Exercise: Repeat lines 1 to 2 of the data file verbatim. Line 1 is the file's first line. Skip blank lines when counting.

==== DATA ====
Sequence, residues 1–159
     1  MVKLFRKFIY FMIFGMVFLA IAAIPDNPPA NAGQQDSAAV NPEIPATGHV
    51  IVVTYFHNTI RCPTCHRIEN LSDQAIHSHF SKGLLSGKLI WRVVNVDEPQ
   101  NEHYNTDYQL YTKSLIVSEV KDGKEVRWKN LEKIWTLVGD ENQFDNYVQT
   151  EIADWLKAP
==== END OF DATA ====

Sequence, residues 1–159
     1  MVKLFRKFIY FMIFGMVFLA IAAIPDNPPA NAGQQDSAAV NPEIPATGHV